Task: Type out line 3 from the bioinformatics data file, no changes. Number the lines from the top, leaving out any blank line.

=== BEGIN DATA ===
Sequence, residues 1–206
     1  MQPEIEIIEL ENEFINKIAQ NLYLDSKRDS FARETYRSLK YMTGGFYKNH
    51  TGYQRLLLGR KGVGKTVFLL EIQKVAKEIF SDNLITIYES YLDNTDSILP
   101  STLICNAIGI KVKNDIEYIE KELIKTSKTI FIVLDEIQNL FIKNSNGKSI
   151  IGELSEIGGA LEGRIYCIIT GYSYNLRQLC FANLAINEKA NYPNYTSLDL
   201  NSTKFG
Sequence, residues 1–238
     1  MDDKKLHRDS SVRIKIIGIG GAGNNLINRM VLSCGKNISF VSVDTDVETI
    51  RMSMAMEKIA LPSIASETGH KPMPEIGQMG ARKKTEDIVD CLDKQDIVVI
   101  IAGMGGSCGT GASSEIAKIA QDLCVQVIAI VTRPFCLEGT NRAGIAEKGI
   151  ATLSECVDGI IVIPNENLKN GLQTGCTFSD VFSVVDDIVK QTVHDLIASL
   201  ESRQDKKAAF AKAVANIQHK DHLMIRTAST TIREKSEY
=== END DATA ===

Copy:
    51  TGYQRLLLGR KGVGKTVFLL EIQKVAKEIF SDNLITIYES YLDNTDSILP